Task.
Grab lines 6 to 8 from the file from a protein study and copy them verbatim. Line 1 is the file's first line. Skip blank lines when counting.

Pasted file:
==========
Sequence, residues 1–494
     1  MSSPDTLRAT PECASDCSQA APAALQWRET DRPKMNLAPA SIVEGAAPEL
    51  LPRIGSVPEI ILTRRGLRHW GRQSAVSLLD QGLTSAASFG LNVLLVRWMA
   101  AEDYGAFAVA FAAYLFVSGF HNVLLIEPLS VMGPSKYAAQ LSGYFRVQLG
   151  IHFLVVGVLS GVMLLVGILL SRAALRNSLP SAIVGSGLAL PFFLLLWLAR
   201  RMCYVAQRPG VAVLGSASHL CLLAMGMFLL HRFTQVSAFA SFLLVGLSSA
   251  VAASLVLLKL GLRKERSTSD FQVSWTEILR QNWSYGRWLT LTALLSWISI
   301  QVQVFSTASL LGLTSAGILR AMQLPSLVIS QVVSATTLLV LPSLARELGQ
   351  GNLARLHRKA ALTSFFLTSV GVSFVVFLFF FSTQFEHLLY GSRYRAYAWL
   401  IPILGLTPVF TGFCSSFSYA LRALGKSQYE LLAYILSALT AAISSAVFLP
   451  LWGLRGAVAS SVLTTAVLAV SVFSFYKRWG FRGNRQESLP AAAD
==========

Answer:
   201  RMCYVAQRPG VAVLGSASHL CLLAMGMFLL HRFTQVSAFA SFLLVGLSSA
   251  VAASLVLLKL GLRKERSTSD FQVSWTEILR QNWSYGRWLT LTALLSWISI
   301  QVQVFSTASL LGLTSAGILR AMQLPSLVIS QVVSATTLLV LPSLARELGQ